raid 0 and image backup

Discussion in 'Windows Desktop Systems' started by greggustin, Mar 23, 2006.

  1. greggustin

    greggustin OSNN Addict

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    Never used raid before, so -
    If I have 2 drives as raid 0
    and 3rd drive for data and backup
    do I treat drives 1 and 2 as ONE system drive?
    will it 'look' like just a "c:drive"
    can I do an image back up like I do now?
    can it be restored to a single system drive later
     
  2. Steevo

    Steevo Spammer representing. Political User Folding Team

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    In a system where you have 3 drives for speed and redundancy RAID 5 would be the better choice.Then if you have a failure on any one drive the array can be rebuilt on the fly, with no data loss. As well as a performance boost when a controller doesn't use the system processor for the RAID algorythim.
     
  3. greggustin

    greggustin OSNN Addict

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    will research raid 5
    how is that different than raid 0+1?
    also most new MB have raid 0, or 1, or 0+1
    have not seend any with 5

    and
    is performance same if raid is built in - or via add-in card?
     
  4. fitz

    fitz Just Floating Along Staff Member Political User Folding Team

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    Raid 5 uses 3+ drives and stripes data + parity info across each drive. The parity information is useful to access data when (note I say "when" and not "if") a drive failes. In a RAID 5 scenario, when a drive fails, you can still access all data (although your performance will suffer). If 2 drives fail, however, you Screwed. RAID 5 is very fast for data reads, a little slower (compared to RAID 0) on the data write.

    RAID 0+1 is a mirrored stripe set - requires at least 4 drives with each pair in a stripe set and one stripe set mirroring the other. No parity information is calcuated or written.

    I won't get into RAID 1+0, but it is different (and better) than RAID 1+0 but most consumer boards don't really support it. Last time I checked (it has been a while since I built a custom system), most onboard RAID on the consumer side only support RAID 0, RAID 1, and RAID 0+1

    3rd party RAID controller performance depends greatly on which controller you buy and the feature set on the controller. Buying a RAID controller with a larger cache can improve performance significantly depending on your disk usage. Buying a server class SCSI Raid controller large (battery backed) write caches can have a huge performance advantage.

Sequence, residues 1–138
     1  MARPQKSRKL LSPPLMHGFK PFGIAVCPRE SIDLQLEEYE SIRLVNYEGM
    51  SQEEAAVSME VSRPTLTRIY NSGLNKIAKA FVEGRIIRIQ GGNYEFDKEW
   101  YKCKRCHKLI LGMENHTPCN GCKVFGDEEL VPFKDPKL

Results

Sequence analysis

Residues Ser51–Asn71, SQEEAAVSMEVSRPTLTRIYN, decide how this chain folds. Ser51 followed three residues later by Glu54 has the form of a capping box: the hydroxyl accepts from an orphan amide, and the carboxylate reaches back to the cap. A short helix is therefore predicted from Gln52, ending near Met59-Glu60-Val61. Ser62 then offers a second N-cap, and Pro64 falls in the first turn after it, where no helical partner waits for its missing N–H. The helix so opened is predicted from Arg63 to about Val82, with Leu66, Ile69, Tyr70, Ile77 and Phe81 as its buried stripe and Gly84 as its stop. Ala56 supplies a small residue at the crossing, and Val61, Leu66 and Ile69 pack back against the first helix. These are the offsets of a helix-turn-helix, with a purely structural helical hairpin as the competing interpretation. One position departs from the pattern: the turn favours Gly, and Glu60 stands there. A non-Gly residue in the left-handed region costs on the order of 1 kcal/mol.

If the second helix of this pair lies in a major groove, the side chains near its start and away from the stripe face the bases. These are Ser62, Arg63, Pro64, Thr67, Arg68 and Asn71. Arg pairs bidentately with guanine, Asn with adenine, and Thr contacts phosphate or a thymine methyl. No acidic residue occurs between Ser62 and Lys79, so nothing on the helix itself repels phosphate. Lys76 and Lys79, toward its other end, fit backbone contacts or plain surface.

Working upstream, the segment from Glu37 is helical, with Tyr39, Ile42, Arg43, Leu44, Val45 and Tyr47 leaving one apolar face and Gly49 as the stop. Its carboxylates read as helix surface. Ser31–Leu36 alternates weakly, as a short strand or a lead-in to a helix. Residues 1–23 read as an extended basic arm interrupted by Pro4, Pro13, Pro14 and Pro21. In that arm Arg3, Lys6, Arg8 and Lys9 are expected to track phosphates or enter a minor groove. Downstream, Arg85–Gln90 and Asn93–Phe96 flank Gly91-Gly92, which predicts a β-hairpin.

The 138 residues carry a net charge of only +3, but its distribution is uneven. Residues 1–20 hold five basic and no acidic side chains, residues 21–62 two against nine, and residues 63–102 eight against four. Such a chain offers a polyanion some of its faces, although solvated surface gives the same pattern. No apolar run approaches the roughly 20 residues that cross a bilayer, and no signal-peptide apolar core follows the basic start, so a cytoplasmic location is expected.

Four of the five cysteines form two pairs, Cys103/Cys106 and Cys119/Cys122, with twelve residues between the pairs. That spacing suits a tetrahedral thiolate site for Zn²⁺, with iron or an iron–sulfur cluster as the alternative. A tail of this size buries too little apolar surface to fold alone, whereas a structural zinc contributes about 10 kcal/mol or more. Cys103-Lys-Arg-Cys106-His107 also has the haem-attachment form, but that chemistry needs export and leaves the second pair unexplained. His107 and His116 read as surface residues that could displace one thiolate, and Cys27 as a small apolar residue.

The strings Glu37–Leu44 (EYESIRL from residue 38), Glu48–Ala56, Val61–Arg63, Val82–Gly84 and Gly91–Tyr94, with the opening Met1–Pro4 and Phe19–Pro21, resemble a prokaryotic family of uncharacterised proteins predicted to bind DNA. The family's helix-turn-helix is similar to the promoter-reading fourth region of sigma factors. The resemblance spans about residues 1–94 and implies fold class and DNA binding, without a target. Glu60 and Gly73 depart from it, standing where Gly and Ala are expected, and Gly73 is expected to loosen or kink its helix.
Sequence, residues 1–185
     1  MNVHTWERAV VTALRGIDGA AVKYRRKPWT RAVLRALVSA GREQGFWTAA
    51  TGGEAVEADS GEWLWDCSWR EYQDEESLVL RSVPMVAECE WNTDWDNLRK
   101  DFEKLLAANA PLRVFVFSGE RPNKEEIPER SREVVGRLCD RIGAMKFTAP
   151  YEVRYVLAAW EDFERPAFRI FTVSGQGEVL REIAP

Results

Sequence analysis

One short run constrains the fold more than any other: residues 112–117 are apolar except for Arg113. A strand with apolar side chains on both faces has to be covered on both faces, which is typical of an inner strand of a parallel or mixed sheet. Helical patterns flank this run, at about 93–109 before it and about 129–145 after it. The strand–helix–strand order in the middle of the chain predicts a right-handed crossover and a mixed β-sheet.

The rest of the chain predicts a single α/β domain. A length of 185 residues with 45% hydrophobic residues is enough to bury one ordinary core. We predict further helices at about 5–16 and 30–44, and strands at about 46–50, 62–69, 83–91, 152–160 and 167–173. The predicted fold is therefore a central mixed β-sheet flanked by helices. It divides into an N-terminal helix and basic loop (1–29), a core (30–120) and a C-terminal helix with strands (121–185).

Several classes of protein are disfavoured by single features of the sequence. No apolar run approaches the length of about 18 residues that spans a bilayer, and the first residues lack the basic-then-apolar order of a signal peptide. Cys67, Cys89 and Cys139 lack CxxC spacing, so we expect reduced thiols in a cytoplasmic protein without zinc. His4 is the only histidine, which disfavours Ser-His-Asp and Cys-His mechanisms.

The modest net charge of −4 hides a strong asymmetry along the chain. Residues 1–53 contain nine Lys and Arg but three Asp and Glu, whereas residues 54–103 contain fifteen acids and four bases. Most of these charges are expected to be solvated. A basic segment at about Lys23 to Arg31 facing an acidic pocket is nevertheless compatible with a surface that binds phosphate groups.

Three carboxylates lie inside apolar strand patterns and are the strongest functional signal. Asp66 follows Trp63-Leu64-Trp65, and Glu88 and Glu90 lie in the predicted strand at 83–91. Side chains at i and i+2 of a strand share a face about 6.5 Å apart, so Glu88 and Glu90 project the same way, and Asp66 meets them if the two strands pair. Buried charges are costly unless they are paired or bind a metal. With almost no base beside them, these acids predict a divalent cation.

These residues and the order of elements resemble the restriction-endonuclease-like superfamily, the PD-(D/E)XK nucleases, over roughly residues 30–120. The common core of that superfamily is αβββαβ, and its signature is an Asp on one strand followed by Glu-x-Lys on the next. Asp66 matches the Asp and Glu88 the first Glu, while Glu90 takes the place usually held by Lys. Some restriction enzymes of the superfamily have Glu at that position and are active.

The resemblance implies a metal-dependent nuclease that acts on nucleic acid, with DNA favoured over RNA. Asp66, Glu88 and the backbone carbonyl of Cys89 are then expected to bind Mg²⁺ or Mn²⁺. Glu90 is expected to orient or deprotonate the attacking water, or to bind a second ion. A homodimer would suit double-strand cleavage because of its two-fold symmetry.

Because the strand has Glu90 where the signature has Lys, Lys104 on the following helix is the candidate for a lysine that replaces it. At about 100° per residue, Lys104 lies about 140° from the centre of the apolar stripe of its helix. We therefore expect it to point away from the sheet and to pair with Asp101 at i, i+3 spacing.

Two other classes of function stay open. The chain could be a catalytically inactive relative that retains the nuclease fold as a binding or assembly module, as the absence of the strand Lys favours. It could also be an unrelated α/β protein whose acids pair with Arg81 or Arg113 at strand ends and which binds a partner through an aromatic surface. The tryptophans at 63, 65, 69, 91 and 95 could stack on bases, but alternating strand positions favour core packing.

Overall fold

Lots more info on RAID can be found on the web.. check Wikipedia for a start.
     
  5. greggustin

    greggustin OSNN Addict

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    thanks fritz
    matches my research for the day
     
  6. fitz

    fitz Just Floating Along Staff Member Political User Folding Team

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    *blink* *blink*

    fritz?

    :rolleyes:

    lol :)
     
  7. Terrahertz

    Terrahertz Extinction Agenda Political User Folding Team

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    Well if he is using the third drive as backup the go for Raid0 I say. Yeah there are many lvls of Raid and Intels matrix Raid gives you good performance and data insurance. It mirrors while giving the speed benefits of Raid0.[If your using Intel tech] Its your first time it seems so have fun. Also turn off system restore on the raid drives to boost performance.
     
  8. mlakrid

    mlakrid OSNN BASSMASTER Political User Folding Team

    and hes right most mobos only support Raid 0 or Raid 1 because only 2 drives are supported in the RAID feature..

    OR... you can buy a PCI RAID controller card with up to four ports from what I have seen so far...

    Raid 0 without QUESTION has the best performance... bar NONE... especially if you use Western Digital Raptors as your HDD of choice Like me :D